Foreword
 

It was inevitable that in my efforts to write romantic history of the great West I should at length come to the story of a feud. For long I have steered clear of this rock. But at last I have reached it and must go over it, driven by my desire to chronicle the stirring events of pioneer days.

Even to-day it is not possible to travel into the remote corners of the West without seeing the lives of people still affected by a fighting past. How can the truth be told about the pioneering of the West if the struggle, the fight, the blood be left out? It cannot be done. How can a novel be stirring and thrilling, as were those times, unless it be full of sensation? My long labors have been devoted to making stories resemble the times they depict. I have loved the West for its vastness, its contrast, its beauty and color and life, for its wildness and violence, and for the fact that I have seen how it developed great men and women who died unknown and unsung.

In this materialistic age, this hard, practical, swift, greedy age of realism, it seems there is no place for writers of romance, no place for romance itself. For many years all the events leading up to the great war were realistic, and the war itself was horribly realistic, and the aftermath is likewise. Romance is only another name for idealism; and I contend that life without ideals is not worth living. Never in the history of the world were ideals needed so terribly as now. Walter Scott wrote romance; so did Victor Hugo; and likewise Kipling, Hawthorne, Stevenson. It was Stevenson, particularly, who wielded a bludgeon against the realists. People live for the dream in their hearts. And I have yet to know anyone who has not some secret dream, some hope, however dim, some storied wall to look at in the dusk, some painted window leading to the soul. How strange indeed to find that the realists have ideals and dreams! To read them one would think their lives held nothing significant. But they love, they hope, they dream, they sacrifice, they struggle on with that dream in their hearts just the same as others. We all are dreamers, if not in the heavy-lidded wasting of time, then in the meaning of life that makes us work on.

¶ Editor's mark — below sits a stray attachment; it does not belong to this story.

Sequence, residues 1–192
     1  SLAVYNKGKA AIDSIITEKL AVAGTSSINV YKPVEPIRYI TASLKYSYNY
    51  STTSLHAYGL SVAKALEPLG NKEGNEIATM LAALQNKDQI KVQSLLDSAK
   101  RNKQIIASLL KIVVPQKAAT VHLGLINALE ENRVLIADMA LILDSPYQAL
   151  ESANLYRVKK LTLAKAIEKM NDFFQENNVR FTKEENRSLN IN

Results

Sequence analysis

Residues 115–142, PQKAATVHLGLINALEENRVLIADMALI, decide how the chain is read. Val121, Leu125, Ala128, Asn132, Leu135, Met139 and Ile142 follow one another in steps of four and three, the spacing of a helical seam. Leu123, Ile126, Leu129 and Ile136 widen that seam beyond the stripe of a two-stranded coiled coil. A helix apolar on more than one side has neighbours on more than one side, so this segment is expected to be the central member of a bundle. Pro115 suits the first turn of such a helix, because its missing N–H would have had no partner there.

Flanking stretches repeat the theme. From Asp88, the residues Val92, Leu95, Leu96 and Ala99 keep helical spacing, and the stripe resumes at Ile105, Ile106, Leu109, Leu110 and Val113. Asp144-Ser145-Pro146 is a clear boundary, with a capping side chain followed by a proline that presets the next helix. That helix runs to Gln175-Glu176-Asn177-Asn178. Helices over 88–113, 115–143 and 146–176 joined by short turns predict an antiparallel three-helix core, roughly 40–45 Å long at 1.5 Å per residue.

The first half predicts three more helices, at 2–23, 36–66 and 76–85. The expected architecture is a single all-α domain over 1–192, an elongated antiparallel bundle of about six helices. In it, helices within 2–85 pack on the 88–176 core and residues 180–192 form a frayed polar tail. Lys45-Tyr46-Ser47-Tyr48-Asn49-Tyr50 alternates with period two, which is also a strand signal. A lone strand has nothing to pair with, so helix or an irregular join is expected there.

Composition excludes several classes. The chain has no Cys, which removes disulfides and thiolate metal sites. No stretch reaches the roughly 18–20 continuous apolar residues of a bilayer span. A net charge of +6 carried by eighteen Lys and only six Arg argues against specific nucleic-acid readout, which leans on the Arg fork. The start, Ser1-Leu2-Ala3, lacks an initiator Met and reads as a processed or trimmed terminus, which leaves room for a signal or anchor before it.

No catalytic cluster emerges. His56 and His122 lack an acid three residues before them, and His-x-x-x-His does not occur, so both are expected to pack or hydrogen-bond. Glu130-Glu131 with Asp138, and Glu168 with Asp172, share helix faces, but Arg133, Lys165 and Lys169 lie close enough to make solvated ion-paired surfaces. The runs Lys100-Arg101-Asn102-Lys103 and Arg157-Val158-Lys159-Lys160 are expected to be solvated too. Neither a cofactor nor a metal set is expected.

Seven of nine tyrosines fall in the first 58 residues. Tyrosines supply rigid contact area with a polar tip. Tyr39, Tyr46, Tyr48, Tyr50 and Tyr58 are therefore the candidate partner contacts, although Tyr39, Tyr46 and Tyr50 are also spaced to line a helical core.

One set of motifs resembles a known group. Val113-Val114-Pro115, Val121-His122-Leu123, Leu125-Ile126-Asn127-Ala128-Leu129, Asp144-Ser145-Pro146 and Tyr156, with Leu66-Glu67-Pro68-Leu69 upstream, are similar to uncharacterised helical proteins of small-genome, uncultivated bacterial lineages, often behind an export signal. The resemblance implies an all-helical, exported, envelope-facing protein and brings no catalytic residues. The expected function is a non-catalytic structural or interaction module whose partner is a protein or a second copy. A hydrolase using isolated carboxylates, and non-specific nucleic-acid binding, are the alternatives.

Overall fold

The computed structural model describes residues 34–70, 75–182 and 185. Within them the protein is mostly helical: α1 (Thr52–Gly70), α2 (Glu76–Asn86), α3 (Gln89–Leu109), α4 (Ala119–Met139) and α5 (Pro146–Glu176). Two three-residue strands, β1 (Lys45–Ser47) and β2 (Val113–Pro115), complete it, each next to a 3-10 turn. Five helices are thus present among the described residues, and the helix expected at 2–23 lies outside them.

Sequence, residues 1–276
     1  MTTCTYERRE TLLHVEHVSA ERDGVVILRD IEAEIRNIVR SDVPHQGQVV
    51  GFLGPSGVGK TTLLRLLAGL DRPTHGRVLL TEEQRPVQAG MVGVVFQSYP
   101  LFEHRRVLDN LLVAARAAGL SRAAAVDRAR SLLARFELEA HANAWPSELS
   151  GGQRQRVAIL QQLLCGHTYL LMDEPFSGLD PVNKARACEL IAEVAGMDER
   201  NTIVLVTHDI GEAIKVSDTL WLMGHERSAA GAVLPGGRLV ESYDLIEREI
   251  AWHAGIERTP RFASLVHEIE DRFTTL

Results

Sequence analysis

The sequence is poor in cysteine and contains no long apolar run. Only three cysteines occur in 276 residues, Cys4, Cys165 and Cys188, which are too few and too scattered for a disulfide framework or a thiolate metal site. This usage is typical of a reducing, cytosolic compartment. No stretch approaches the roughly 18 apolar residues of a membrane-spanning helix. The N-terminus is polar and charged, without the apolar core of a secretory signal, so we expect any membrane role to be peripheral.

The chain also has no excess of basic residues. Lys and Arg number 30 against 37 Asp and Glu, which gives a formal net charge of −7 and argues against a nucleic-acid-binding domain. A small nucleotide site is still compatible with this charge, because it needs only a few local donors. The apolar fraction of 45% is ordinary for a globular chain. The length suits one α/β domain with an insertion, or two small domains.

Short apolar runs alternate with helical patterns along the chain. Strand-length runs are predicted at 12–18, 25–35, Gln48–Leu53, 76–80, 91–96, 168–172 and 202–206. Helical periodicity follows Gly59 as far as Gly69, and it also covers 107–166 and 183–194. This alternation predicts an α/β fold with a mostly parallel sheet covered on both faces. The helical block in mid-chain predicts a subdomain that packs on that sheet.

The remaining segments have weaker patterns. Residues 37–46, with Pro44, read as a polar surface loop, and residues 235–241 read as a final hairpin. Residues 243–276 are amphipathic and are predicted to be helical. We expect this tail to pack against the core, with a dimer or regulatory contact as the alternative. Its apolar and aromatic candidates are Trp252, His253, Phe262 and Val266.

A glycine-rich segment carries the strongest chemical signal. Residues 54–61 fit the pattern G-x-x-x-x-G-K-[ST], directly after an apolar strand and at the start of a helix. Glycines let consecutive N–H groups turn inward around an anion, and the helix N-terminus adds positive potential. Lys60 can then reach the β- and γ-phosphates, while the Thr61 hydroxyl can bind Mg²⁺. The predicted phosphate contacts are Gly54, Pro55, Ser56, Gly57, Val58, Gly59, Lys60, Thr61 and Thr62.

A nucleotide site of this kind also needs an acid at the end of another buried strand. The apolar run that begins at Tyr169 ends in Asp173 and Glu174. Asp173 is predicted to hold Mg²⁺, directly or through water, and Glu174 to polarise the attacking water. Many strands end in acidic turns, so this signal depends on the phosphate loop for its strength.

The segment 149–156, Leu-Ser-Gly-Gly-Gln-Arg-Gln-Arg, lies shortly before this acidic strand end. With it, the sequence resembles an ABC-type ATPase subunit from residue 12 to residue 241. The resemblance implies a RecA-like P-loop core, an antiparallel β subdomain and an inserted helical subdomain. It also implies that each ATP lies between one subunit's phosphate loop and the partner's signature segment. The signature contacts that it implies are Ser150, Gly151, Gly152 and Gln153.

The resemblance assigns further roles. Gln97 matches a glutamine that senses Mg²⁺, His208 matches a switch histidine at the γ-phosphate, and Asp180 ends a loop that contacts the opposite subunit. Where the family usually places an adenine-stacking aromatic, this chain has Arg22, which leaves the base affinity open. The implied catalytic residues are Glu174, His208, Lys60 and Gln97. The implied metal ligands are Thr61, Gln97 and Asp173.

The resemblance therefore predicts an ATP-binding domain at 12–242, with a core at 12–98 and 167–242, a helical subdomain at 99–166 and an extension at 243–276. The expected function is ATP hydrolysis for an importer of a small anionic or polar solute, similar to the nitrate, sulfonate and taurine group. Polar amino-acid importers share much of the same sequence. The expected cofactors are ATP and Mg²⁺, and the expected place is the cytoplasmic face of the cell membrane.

It was Wordsworth who wrote, "The world is too much with us"; and if I could give the secret of my ambition as a novelist in a few words it would be contained in that quotation. My inspiration to write has always come from nature. Character and action are subordinated to setting. In all that I have done I have tried to make people see how the world is too much with them. Getting and spending they lay waste their powers, with never a breath of the free and wonderful life of the open!

So I come back to the main point of this foreword, in which I am trying to tell why and how I came to write the story of a feud notorious in Arizona as the Pleasant Valley War.

Some years ago Mr. Harry Adams, a cattleman of Vermajo Park, New Mexico, told me he had been in the Tonto Basin of Arizona and thought I might find interesting material there concerning this Pleasant Valley War. His version of the war between cattlemen and sheepmen certainly determined me to look over the ground. My old guide, Al Doyle of Flagstaff, had led me over half of Arizona, but never down into that wonderful wild and rugged basin between the Mogollon Mesa and the Mazatzal Mountains. Doyle had long lived on the frontier and his version of the Pleasant Valley War differed markedly from that of Mr. Adams. I asked other old timers about it, and their remarks further excited my curiosity.